[Hundred] – The only weapon capable of opposing the mysterious life form, [Savage], that unexpectedly arrived on Earth. Hayato Kirasagi attends Little Garden, a university battleship where students are trained to fight the [Savage], through his high ability aptitude for using the [Hundred].
However once arriving, he is suddenly approached by Emil Crossford, an individual who somehow knows him.
“I wanted to see you, Hayato!!!”
“H-How do you know my name?”
Taken by surprise, Hayato greets his new acquaintance, but he can’t shake an unnerving feeling. To make matters worse, after attending the entrance ceremony, Hayato gets challenged to a duel by the strongest person in the academy, [Queen] Claire Harvey.
I’m going to take the time to mention that Hundred is another one of those action, comedy, harem, magic high school light novels. If you’re not turned away by the base premise of the story above or the fact that there are a considerable amount of light novels like this, go ahead and read what this particular series has to offer.
The story follows Hayato Kirasagi as he enters the academy due to his high aptitude to use the [Hundred] against the [Savage]. There isn’t much detail on the [Savage] but the main focus is how they have affected our protagonist. He’s there at the academy because his family and his first love were taken away from him by the [Savage] and he has been offered financial and medical support for his sister, his only family member. Hayato’s a protector, not a hero; the light novel mentions his situation and because of this, it gives him the incentive to go forth to use his apparent abilities to get stronger to protect others, in which he couldn’t back then.
While Emil Crossfield often points out how Hayato is more than able to perform well, the main character himself isn’t very confident in his own skills. Hayato’s a bit of a pessimist when it comes his own abilities, even in training. He gets often discouraged due to his inferiority to other students, whether it comes to experience or knowledge. Due to this, he rarely gives himself self-recognition. Luckily, Emil’s character serves to offset his low self-esteem (in probably the cutest ways possible)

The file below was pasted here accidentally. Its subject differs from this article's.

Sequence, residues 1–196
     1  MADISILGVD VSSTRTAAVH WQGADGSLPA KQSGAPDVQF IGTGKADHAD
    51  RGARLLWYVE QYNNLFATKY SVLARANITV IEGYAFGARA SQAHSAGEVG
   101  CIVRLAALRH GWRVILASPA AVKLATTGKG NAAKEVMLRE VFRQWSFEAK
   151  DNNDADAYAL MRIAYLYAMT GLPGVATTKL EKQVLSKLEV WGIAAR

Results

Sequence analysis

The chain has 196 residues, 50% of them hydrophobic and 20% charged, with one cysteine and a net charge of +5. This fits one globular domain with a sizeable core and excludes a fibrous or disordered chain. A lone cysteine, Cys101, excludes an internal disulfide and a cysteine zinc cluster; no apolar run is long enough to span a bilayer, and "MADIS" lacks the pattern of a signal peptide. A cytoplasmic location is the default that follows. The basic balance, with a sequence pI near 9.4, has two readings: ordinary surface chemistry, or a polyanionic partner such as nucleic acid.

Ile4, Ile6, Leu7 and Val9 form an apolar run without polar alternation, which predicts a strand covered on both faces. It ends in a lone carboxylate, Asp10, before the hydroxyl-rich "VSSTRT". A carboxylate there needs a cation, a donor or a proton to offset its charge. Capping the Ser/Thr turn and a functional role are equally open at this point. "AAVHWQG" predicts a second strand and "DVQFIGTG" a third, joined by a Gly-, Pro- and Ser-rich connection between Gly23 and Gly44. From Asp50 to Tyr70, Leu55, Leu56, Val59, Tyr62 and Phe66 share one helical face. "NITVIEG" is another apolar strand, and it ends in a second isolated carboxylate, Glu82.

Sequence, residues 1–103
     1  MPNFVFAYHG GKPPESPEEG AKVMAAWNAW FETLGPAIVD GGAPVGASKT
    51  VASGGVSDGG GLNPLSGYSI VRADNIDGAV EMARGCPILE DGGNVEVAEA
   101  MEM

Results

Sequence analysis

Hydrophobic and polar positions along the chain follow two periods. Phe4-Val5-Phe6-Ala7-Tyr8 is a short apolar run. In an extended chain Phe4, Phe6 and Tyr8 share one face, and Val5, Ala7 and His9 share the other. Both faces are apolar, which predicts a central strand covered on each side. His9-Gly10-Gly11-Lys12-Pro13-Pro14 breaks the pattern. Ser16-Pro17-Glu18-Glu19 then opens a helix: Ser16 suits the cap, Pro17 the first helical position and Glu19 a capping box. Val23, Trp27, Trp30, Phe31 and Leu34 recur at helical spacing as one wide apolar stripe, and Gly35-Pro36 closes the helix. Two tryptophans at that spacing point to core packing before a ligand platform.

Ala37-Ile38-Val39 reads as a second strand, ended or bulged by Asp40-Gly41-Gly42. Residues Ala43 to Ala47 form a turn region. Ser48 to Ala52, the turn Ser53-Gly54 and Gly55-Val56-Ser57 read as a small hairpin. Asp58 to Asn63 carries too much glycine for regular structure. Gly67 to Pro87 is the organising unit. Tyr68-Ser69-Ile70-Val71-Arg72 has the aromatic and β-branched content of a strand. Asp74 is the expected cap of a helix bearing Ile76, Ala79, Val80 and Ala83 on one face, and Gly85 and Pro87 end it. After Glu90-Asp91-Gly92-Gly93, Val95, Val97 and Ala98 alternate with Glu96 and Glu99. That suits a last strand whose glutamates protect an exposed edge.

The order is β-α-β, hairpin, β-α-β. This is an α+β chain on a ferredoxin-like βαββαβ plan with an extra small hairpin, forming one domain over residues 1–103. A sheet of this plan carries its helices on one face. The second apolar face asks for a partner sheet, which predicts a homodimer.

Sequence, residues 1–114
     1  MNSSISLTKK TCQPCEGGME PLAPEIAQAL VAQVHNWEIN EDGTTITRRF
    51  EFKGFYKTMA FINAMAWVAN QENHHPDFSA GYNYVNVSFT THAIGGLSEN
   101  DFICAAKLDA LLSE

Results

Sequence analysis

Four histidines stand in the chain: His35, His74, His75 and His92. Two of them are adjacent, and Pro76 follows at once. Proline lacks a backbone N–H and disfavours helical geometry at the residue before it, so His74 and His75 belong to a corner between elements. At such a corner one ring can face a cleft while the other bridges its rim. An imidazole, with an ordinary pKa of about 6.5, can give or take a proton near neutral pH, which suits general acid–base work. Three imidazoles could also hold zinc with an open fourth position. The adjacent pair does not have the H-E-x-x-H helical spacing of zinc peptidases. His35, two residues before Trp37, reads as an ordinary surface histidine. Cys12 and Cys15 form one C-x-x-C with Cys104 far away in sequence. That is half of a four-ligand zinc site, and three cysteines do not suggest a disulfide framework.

Emil spends the most time with Hayato and the two characters fit each other very well. Emil is extremely optimistic and his actions help assure Hayato’s mind. There’s a point in the story where she reassures Hayato and a couple of girls who got involved before his fight with [Queen] and Hayato comments on how his behavior was able to diffuse the gloomy situation. Even when the two start to get romantically involved, their relationship is under control as they consider each other’s circumstances.
The series has a large resemblance to the Infinite Stratos series, most notably the Charlotte Arc (for obvious reasons) and the body suit mechs. The volume has the typical tropes that come with these types of light novels have; boob grabs, jealous love interests, and MC fights against the “most powerful -insert position here-“, etc. These elements aren’t very heavy in content, but they appears in small bits before going back into the story.
The illustrations were drawn by Ookuma Nekosuke and the character designs invoke a feeling in me that this was going to end up being an anime at some point (which it did). The drawings are simple in design but the linework looks very clean. If I had to point out something, but Clair’s breasts in that one color illustrations looks very odd to me. (Probably just me though…)
The first volume of Hundred is a nice introduction to the series. It doesn’t do much to offset itself from the others in the genre, having very similar quirks. However, the main focal point for this series is to show off these two fated-to-reunite individuals that compliment each other very well.
The first volume can be found here. However at the time of this post, there is only one volume translated and to my knowledge the translation group’s last update post was in December of 2015.
Afterword: I have a soft spot for magic high school stories like these. I’ve learned not to hate it, but instead embrace the differences that the work offers. Obviously, I understand that others may not think the same way, but I would like for others to understand that it is my personal interest.
Author: Misaki Jun
Illustrator: Ookuma Nekosuke
Fan Translators: cautr, inaban